Sub-Synchronous Interactions in Modern Power System-Monitoring and Mitigation

  • Yingzhe Jia

Student thesis: Phd


The increasing capacity of renewable generations, especially the wind generation has been playing a critical role in nowadays power systems. Unfortunately, an interaction between the wind turbine generator (WTGs) and fixed series compensation (FSC), namely the sub-synchronous interactions (SSI), has emerged in the power system in the last decade. Such phenomenon has taken different forms (i.e. sub-synchronous resonance) in the conventional power systems and has been mitigated by countermeasures such as power system stabilizers (PSS). However, due to the introduction of more complex power electronic-based controllers, the nowadays power systems have once again become unstable and new types of undamped oscillations have occurred. Some of these events are triggered by system events, others, occurred without any stimulus. This issue has caught great attentions around the world and many works in determining features, classifications, dynamics and mitigations of such phenomenon have been contributed. However, there is still a huge gap in the effective monitoring and mitigation of the complicated features encountered during SSI, and no commercial solution have been realized yet. To cope with these issues, this thesis attempts to provide some contributions to the areas where the monitoring and the mitigation of SSI still fall short. In brief, the existing methods have three limitations when monitoring the SSI in the power systems. The first is that the requirements of prior knowledge of signal parameters beforehand. The second is that the monitoring accuracy is affected by time-varying parameters, and the third is that the monitoring accuracy is affected by noises in the signals. In this thesis, an effective monitoring method, namely the Adaptive Linear Prediction-based Parameter Estimation (ALPPE) method have been proposed to overcome the aforementioned limitations. On the other hand, the existing mitigation methods have limitations such as the requirements of additional power equipment, complex implementation into real power systems and neglection of the time-varying oscillations frequency which have occurred in real-life SSI events. In this thesis, the Varying-Frequency Adaptive Filter (VFAF) has been proposed to overcome the above difficulties.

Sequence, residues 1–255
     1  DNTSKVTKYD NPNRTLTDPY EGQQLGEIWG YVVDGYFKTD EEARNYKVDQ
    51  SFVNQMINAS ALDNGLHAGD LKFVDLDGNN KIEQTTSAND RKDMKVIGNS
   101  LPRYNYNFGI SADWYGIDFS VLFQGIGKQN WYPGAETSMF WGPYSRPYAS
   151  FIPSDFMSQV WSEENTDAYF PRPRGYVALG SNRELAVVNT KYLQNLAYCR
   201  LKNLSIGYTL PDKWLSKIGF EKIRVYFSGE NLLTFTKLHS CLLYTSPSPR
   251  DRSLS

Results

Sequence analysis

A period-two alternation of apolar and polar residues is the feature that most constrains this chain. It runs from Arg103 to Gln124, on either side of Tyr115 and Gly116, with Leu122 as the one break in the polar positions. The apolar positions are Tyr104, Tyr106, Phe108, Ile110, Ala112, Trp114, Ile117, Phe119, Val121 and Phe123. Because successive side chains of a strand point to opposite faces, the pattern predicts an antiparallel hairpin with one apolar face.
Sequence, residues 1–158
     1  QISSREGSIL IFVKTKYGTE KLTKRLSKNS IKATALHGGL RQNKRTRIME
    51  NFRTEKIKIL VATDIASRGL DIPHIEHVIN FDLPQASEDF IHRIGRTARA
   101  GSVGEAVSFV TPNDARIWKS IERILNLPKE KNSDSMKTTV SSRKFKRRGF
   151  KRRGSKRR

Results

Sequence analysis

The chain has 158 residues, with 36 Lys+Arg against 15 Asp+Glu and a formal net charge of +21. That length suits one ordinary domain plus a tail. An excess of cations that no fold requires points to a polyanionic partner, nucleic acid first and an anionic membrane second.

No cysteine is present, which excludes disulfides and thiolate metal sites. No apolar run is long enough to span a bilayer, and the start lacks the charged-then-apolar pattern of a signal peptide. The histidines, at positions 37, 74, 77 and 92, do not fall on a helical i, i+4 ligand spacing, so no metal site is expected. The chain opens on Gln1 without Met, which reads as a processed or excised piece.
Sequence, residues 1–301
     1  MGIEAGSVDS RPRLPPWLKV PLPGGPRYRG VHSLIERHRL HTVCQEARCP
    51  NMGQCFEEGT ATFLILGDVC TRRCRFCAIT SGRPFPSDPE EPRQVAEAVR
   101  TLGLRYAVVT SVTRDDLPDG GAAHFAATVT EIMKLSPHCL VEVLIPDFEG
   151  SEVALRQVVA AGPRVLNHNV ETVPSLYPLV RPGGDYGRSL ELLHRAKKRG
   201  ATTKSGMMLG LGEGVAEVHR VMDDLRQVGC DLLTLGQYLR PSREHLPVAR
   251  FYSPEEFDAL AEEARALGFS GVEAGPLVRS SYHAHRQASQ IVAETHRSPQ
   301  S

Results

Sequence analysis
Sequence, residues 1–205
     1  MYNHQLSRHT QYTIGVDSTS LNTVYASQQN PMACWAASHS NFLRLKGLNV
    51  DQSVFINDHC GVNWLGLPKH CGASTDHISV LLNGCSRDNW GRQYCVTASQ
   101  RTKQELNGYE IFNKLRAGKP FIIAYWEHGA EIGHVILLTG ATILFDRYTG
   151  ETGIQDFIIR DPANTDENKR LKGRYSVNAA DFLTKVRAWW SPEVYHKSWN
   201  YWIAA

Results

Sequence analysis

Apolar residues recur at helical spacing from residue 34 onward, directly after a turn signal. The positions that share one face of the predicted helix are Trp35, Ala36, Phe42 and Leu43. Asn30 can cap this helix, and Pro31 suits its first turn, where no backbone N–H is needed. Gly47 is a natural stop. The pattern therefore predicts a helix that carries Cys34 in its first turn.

Date of Award31 Dec 2020
Original languageEnglish
Awarding Institution
  • The University of Manchester
SupervisorVladimir Terzija (Supervisor) & Victor Levi (Supervisor)

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